What is Iambic Pentameter?

William Shakespeare, date and artist unknown

I heard about iambic pentameter for years before I understood what it meant. I was able to figure out that it had something to do with five (penta), but the standard definition, “in poetry, a metrical pattern in a 10-syllable line of verse in which five unaccented syllables alternate with five accented syllables, with the accent usually falling on the second of each pair of syllables,” just didn’t give me a mental picture of what iambic pentameter really sounded like.

It took a lot of syllable counting and oddly accented reading aloud to understand it fully, but when it clicked it was actually pretty simple. Here is a video that explains it thoroughly and helpfully, using a couple of lines from Macbeth as an illustration.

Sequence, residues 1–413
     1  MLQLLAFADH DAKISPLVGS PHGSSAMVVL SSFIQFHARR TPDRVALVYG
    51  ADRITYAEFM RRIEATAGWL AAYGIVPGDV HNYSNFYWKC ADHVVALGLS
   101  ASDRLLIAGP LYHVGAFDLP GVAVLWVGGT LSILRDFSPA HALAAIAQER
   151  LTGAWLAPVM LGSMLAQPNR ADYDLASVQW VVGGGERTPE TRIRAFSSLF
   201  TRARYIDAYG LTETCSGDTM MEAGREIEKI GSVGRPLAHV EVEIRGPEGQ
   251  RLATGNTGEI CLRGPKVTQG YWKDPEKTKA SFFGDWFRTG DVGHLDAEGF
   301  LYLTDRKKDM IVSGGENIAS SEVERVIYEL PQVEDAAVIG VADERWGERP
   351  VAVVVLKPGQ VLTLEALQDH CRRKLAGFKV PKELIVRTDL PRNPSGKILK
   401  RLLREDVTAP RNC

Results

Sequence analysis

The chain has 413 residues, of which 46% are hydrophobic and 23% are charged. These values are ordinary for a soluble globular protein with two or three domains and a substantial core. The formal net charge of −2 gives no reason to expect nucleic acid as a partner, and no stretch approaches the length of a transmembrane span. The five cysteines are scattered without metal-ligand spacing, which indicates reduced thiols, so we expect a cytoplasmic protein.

You might also enjoy learning about meter in poetry through these videos by Dr. Timothy Bartel:

Dr. Timothy Bartel can help you understand iambic pentameter and other types of meter in poetry.Dr. Timothy E. G. Bartel is a poet and professor from California. He lectures on the history, formal traditions, and cultural significance of poetry on YouTube through his Knowing Poetry series. Dr. Bartel is the author of several books, including The Heroines of Henry Longfellow (Lexington Books, 2023), and A Crown for Abba Moses: New and Selected Poems (Solum Literary Press, 2023). He holds a PhD in Divinity from University of St Andrews and an MFA in Poetry from Seattle Pacific University. Dr. Bartel currently teaches literature and theology at Saint Constantine College.